With construction on a controversial electrical transmission line through western Maine slated to begin in mid-November, company officials are looking for Mainers who’d like a job working on the $1 billion project.

“We’re ramping up here with the work,” the head of the project, Thorn Dickinson, said Wednesday.

Tim Burgess, business manager of the International Brotherhood of Electrical Workers Local 104, said, “We’re really excited to get started on this.”

Burgess said anyone who is interested in working on the project, from drivers to linemen, should apply through a new webpage set up by his union.

Dickinson said the company, an Avangrid subsidiary, will begin clearing the right of way as a first step toward completion of the New England Clean Energy Connect project by the summer of 2023.

A Wisconsin-based firm, Northern Clearing, has been hired to oversee preparation of the corridor, from clearing trees to putting in access roads.

Only two regulatory obstacles remain, Dickinson said: transferring the project to a new corporation called NECEC Transmission, as the Maine Public Utilities Commission required, and a green light from the Army Corps of Engineers, which was expected soon but may be held up by a recently filed federal lawsuit.

The proposed 45-mile power line corridor, which has stirred considerable opposition, will connect Hydro-Quebec to New England’s regional energy grid, providing up to 1,200 megawatts of hydropower that will arrive at a new converter station in Lewiston before flowing into existing lines.

The power is targeted for Massachusetts, where consumers are paying for the project, but the electrical grid isn’t state specific, so the electricity will wind up benefiting the entire region.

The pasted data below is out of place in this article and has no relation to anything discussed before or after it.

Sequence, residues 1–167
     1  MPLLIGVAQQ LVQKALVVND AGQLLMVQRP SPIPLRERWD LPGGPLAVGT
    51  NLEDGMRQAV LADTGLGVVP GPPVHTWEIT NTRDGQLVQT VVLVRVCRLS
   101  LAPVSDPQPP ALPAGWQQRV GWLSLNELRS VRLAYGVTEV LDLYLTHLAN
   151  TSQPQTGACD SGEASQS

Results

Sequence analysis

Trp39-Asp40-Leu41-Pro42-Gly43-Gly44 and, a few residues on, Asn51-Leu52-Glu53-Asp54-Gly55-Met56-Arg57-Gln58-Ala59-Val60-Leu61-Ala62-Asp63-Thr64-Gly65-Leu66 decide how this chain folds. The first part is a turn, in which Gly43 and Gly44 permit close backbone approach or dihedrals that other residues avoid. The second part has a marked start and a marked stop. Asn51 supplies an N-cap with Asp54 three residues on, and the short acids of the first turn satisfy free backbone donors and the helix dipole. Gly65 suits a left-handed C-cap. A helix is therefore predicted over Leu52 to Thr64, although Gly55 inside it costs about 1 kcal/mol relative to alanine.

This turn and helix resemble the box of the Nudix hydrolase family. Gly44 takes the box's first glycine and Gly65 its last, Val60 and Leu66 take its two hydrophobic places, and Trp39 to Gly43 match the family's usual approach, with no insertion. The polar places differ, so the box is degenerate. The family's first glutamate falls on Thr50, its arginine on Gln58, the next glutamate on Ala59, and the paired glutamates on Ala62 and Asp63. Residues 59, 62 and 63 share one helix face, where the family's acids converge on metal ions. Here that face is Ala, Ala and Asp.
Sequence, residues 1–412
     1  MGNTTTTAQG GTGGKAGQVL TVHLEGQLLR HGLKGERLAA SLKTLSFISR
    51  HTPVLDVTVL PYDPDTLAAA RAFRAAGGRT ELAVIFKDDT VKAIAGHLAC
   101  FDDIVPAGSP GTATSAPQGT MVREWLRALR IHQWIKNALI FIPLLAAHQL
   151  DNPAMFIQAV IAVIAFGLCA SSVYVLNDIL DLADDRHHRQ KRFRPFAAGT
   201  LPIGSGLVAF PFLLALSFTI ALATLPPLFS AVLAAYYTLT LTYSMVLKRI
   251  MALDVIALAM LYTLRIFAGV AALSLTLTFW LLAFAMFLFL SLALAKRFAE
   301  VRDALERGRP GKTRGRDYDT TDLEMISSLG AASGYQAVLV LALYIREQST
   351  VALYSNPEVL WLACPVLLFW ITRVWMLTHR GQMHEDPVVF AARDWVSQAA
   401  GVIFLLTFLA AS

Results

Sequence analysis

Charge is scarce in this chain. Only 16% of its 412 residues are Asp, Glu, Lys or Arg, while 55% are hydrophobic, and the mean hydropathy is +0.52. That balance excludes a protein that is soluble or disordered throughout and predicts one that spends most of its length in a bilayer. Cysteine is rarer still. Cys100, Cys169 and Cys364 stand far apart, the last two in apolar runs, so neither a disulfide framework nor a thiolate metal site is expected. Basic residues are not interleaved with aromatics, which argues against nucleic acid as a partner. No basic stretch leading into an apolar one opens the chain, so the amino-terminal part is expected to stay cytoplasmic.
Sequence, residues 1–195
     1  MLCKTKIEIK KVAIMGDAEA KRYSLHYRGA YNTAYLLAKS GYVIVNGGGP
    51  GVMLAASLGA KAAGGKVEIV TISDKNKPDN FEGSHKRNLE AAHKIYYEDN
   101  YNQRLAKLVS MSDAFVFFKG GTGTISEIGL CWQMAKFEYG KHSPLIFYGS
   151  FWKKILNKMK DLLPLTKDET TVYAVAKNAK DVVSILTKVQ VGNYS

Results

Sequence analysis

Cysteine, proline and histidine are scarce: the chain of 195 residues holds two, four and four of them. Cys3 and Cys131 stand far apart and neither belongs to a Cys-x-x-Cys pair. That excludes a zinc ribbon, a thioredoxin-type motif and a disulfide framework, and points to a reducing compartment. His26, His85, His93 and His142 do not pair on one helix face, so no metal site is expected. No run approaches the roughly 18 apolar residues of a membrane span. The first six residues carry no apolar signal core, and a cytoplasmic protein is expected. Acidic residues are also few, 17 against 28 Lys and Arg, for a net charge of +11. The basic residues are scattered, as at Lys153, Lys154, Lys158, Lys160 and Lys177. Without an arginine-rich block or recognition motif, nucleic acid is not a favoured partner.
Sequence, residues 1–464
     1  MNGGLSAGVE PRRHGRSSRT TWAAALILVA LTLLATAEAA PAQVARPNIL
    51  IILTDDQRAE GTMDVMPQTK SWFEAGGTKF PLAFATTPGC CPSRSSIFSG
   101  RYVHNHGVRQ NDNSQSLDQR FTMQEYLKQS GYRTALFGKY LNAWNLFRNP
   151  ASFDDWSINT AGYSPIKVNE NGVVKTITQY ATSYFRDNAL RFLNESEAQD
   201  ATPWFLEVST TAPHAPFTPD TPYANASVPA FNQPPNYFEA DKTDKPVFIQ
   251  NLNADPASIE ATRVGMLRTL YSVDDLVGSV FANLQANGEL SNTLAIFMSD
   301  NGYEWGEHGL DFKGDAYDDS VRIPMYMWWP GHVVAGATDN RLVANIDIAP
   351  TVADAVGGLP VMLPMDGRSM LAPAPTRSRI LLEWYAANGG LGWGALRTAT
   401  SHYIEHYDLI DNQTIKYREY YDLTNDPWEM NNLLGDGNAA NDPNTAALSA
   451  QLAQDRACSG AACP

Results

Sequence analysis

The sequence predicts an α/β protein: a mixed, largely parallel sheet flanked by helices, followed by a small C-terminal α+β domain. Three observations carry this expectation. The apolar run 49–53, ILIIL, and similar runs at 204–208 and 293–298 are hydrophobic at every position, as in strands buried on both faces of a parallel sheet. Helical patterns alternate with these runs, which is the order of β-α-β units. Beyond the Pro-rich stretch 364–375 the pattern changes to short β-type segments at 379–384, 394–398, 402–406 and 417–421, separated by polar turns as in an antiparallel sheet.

Dickinson, the president and chief executive officer for NECEC, said the project will average about 1,600 jobs during the construction period. The initial clearing, though, will employ between 300 and 350, he said.

He said the company promised it would try to hire Mainers and is determined to bring aboard as many as possible so they can see for themselves one of the benefits of the project.

Not only will the project employ a lot of people, Dickinson said, it will also provide help for lodging, restaurants and other businesses that cater to the workforce that will be busy along the route for the next two and a half years.

Thorn Dickinson Photo courtesy of Mid-Maine Chamber of Commerce

He called it “a really important project for the economy of Maine at a time when it really needs a boost.”

Burgess said that for many Mainers in the electrical workers union, the project represents a chance to come home and put their talents to use on something near their homes.

In addition, he said many other union and nonunion people are going to be needed in lots of roles. Those who are interested, Burgess said, should apply. “We’re going to put some people to work.”

Burgess said the web application portal has been live for a few weeks so far without any publicity. It’s gotten about 75 applications, he said, but as the project picks up its pace he anticipates many more will seek a job on it.

He said there are apprentice opportunities, which open the door for people to get the training and experience to become linemen — a job where many earn $100,000 a year or more doing everything from restoring power after storms to putting up entirely new lines.

Burgess said the hours are long and the work can be hard.

“You can make a good living, but it’s well-earned,” Burgess said.


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